Bacteria were found on the surface and inside the stalactites using confocal laser scanning microscopy. Phylogenetic analyses showed that Proteobacteria were most abundant in the bacterial communities on and inside the stalactites and also in the fluvial sediments, but also other groups such as Actinobacteria or FirmicutesFirmicutes Eine artenreiche Gruppe innerhalb der Bakterien. Unterscheiden sich von den Actinobakterien unter anderem durch ihren niedrigeren Gehalt an Nukleinbasen in der Bakterien-DNS.. Many of the detected bacteria have not yet been cultivated.

A total of nine new bacterial cultures were isolated from the cave sediments, growing on alkaline carbonate-precipitating medium and belonging to the bacterial genera Arthrobacter, Flavobacterium, Pseudomonas, Rhodococcus, Serratia and Stenotrophomonas. Of these, the two with the most intense precipitate formation were selected for further research: Arthrobacter sulfonivorans SCM3 and Rhodococcus globerulus SCM4. Both produced extracellular polymeric substances (EPS) and grew as cell aggregates.

Scanning electron microscopy of cell aggregates and extracellular polymeric substance (EPS) of the isolates Arthrobacter sulfonivorans SCM3 and Rhodococcus globerulus SCM4
Scanning electron microscopy of cell aggregates and extracellular polymeric substance (EPS) of the isolates Arthrobacter sulfonivorans SCM3 (left) and Rhodococcus globerulus SCM4 (right) (Image: Elektronenmikroskopisches Zentrum Jena, Sándor Nietzsche and Anna Rusznyak).

The carbonate minerals formed were mixtures of calcite, vaterite, and monohydrocalcite. Arthrobacter sulfonivorans SCM3 formed xenomorphic spherical crystals, and Rhodococcus globerulus SCM4 idiomorphic crystals with rhombohedral morphology.

The biomineralisation process of Arthrobacter sulfonivorans SCM3 was further investigated using a combination of Raman macro- and microspectroscopy to obtain a spatially resolved chemical representation of the different types of calcium carbonate minerals. The cell surface of Arthrobacter sulfonivorans SCM3 served as a nucleus for the biomineralisation of vaterite precipitates. These were initially spherical and then continued to grow as chemically stable, rock-forming calcite crystals with rough edges.

Scanning electron microscopy of precipitates of the isolates Arthrobacter sulfonivorans SCM3 and Rhodococcus globerulus SCM4
Scanning electron microscopy of precipitates of the isolates Arthrobacter sulfonivorans SCM3 (left) and Rhodococcus globerulus SCM4 (right) (Image: Elektronenmikroskopisches Zentrum Jena, Sándor Nietzsche and Anna Rusznyak).

First Reconstruction of the Holocene Climate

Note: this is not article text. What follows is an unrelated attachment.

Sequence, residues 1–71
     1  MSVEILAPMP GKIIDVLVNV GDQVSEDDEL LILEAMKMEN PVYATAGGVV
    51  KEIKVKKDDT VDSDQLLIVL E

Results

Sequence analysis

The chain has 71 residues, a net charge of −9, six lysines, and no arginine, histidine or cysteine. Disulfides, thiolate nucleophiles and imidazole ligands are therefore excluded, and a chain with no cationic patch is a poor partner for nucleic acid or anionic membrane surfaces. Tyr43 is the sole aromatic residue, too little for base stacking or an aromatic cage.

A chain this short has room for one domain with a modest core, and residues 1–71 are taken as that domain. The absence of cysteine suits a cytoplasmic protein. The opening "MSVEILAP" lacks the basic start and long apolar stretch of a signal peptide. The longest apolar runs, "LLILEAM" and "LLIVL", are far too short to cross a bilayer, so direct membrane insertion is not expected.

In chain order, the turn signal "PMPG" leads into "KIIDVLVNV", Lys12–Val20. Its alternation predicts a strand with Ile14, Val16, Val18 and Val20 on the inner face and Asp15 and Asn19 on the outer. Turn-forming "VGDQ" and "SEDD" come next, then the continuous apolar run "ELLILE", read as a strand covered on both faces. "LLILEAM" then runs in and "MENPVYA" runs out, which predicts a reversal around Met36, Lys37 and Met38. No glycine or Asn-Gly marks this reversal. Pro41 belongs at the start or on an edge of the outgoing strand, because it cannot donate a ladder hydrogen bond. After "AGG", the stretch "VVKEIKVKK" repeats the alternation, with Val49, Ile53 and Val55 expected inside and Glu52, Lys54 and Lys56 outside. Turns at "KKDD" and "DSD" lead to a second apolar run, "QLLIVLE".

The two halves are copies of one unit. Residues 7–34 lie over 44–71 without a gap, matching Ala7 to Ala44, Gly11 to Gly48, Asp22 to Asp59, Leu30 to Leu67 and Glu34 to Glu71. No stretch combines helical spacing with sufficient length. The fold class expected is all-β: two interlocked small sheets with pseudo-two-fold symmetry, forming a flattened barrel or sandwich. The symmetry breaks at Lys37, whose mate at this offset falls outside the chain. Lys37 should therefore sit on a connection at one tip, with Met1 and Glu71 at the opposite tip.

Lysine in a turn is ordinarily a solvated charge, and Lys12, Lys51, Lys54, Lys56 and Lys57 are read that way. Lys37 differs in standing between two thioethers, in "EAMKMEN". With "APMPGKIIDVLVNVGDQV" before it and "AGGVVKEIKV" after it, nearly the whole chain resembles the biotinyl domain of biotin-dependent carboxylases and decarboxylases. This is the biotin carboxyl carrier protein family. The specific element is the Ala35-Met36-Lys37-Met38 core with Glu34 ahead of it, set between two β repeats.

Breitenbach, Sebastian F. M.; Plessen, Birgit; Wenz, Sarah; Leonhardt, Jens; Tjallingii, Rik; Scholz, Denis; Jochum, Klaus-Peter; Marwan, Norbert

A multi-proxy reconstruction of Holocene climate change from Blessberg Cave, Germany Inproceedings

Geophysical Research Abstracts, pp. EGU2016-14213, 2016.

Abstract | Links | BibTeX

The first results of the geochemical analyses of the three stalagmites BB-1 to BB-3 already allow conclusions about the climatic changes of the last 14,000 years. A detailed interpretation can be found in the article Climate zone shift in Central Europe.

First results of analyses of BB-1 to BB-3
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Johannes Gutenberg-Universität Mainz, Institute of Inorganic and Analytical Chemistry – Group Environmental and Atmospheric Chemistry

The main areas of research of the group are in the field of organic and inorganic trace analysis by using and further developing mass spectrometric methods, often in combination with chromatographic methods.

The group participates in the research in the Blessberg cave by reconstructing the vegetation above the cave by analysing biopolymers in stalagmites and by analysing biochemical fire markers in soil, water, and stalagmite samples.

Contact

Prof. Dr. Thorsten Hoffmann ↗

Web site

https://www.blogs.uni-mainz.de/fb09-ac-hoffmann-eng/ ↗

Publications

Isolat und Präzipitate (Vorschau)

Diversity and role of cave bacteria in the formation of carbonate minerals

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within the framework of the research project “AquaDiv@Jena”, funded by the ProExcellence Initiative of the Free State of Thuringia, and the Collaborative Research Centre 1076 “AquaDiva ↗“, funded by the DFG

Project Lead

Content

What biodiversity do we find in subsurface habitats such as caves? What role do bacteria play in the Earth’s biogeochemical cycles? Which bacteria are involved in the formation of minerals?